Wandering Tales: Trolls
Ah, you survived Baba Yaga? Great! Really! It’s just… Every time I see you, I know there’s going to be trouble. We’re in troll country and that’s a bridge up ahead so I’m suddenly feeling a lot less confident.
I always have toll money just in case though, have you got yours ready? Ah, well, historically, trolls aren’t all that smart so you could try buying time until the sun comes up? You know, lots of checking your pockets, swearing your coins must be in the other one. Asking what their favourite part of a human is to eat. Oh yes, trolls love to eat human! Especially naughty children.
Well, let’s get you prepared, we’re only going to be venturing further into troll country after all. What we’re most likely to encounter in this region is a Nordic mountain troll.
The name troll tells you a lot, in Old Norse tröll means fiend, demon or werewolf… In Middle High German, there’s trolle which simply means fiend. Most say trolls are simply born to other trolls, but there is an old word “trylla” which means to enchant or turn into a troll so be careful.
Trolls have been part of legend since the Prose Edda of the 13th century, but stories were passed in taverns amongst travellers long before that. When they were first mentioned it was as part of the Jötunn, a fearsome race of giants whom Odin is descended from.
Troll is also very similar to many words for magic, such as the Scandinavian words “trolleri” and “trylleri” or the Swedish word for witchcraft “Trolldom”. We have no definite source these words are actually linked, so hey, maybe that’s something you can ask our troll about while you’re trying to keep him busy.
Nordic and Scandinavian trolls have a lot in common, having the same cultural roots. You’ll tend to find them living far from humans, where possible, so you’re not going to find one knocking around cities or busy towns. At least not a happy troll. They’re generally at home with nature, in caves, deep in mountains or in the midst of thick forests. Trolls are not the most sociable creatures either, tending to live solitary lives or in small, tight-knit families.
Around Norway, there are several places named for trolls, like Trollstigen, the Troll’s path, or the unfortunate Trolltunga, The Troll Tongue, rock formation where a troll didn’t make it back inside their mountain home before the sun came up.
Why does the sun turn them into stone? Some say it’s simply the ancient magic whereas others say trolls are born of stone so return to stone. No one knows for sure why, but it’s important to know. As far away as Iceland, where the trolls must have migrated wit Scandinavian travellers, there is the Reynisdrangar rock formation off the shore of Reynisfjara beach. It’s said to be the frozen remain of three trolls, who were perhaps exploring these new lands just like the human settlers.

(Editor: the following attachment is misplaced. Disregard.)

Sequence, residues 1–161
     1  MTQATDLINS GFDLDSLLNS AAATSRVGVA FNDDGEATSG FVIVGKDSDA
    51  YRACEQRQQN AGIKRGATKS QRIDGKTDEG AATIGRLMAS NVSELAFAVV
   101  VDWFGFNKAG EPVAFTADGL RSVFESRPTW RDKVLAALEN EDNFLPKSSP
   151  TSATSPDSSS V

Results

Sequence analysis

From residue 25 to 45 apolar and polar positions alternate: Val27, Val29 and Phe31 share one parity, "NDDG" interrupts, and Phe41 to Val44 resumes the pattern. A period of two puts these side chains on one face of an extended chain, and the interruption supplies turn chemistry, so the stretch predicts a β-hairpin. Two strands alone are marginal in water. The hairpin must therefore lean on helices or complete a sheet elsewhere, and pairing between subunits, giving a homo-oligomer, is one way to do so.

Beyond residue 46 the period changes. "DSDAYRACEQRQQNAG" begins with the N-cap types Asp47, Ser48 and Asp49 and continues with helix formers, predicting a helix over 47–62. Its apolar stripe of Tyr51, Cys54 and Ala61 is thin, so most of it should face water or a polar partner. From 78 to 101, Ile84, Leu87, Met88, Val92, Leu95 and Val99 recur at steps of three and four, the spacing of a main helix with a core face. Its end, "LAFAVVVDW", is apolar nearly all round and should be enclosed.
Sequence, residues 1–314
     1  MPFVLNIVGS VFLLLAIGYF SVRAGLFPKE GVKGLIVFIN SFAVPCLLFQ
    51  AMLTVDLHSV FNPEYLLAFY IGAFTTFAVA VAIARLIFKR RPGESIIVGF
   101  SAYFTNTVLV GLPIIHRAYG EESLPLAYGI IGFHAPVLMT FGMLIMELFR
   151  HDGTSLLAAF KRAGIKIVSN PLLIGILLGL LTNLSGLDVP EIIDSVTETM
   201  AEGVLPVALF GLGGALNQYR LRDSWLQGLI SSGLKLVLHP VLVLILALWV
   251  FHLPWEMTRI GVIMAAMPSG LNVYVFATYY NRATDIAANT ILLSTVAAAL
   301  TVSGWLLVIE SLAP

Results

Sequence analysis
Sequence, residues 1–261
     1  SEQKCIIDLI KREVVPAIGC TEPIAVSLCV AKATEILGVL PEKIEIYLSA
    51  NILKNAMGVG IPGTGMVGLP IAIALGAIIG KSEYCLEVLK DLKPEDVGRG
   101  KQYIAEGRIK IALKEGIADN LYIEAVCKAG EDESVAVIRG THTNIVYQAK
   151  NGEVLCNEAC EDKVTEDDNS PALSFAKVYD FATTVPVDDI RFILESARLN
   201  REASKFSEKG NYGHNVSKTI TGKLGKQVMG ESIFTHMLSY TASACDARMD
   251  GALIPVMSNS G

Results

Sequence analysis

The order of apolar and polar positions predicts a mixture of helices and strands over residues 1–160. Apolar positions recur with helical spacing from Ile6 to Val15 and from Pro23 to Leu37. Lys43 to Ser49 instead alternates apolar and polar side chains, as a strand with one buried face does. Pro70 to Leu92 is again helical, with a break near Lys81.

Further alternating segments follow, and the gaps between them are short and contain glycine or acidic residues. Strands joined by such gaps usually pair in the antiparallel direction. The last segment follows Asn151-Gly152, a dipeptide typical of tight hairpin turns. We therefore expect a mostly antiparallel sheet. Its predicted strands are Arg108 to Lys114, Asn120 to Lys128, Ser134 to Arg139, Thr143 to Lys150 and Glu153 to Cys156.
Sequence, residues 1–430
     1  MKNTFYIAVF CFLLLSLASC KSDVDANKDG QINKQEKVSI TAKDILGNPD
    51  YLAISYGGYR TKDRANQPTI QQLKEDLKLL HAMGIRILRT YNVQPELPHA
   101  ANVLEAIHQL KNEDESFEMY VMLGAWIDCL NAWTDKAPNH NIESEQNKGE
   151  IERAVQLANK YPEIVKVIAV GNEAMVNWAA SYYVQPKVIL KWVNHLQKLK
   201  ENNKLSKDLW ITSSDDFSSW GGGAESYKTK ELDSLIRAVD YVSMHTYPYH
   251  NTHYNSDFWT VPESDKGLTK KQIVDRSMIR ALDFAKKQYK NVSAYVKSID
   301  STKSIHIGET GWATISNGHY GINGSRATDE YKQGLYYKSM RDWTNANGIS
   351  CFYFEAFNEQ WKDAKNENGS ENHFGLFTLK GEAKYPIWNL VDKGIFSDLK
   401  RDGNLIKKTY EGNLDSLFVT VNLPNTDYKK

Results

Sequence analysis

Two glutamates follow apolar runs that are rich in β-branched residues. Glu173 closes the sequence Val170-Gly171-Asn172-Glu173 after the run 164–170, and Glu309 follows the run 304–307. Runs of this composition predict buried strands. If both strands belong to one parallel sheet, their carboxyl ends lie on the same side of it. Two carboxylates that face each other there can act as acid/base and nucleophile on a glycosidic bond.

Iceland’s most famous troll is Gryla, who likes to kidnap and eat children. Gryla has thirteen sons, named her Yule Lads who spend the thirteen days before Christmas leaving either gifts, or rotting potatoes for children, depending on how well they’d behaved throughout the year. See, sometimes trolls are kind! Although, generally, trolls who do favours for humans expect some kind of reward.
In fact, we can be quite sure trolls love to travel. They’ve even been found in the Shetland and Orkney Islands where Scandinavians once settled. There they are known as trows and appear as the shorter variety, dwelling in mounds or near the sea.
Wherever they are, there tends to be two types of troll. Large, hulking beats, said to be ugly, slow-witted creatures with sharp teeth and dirty, matted hair, although never to their face. This kind tend to live in mountains and caves, such as the famous Trollfjorden which is filled with mountains and caves, perfect for our slow-witted friends. The other kind are less commonly seen, generally living underground and overall, short, rounded, stubby things.
Some stories even cite trolls with multiple heads and tails. Be wary though, some trolls are said to be shapeshifters. Why, I could be a troll! Or even… Where did you say you were from again?
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Lucinda is a folklore lover and general tree-hugger. She takes a sweet and sour approach to art, writing stories etched in creep, terror and tenderness alongside watercolour paintings of botanical beauties and dreamy magic.
You can find Lucinda at instagram.com/lucinda_morrow_ or foraging in the woods.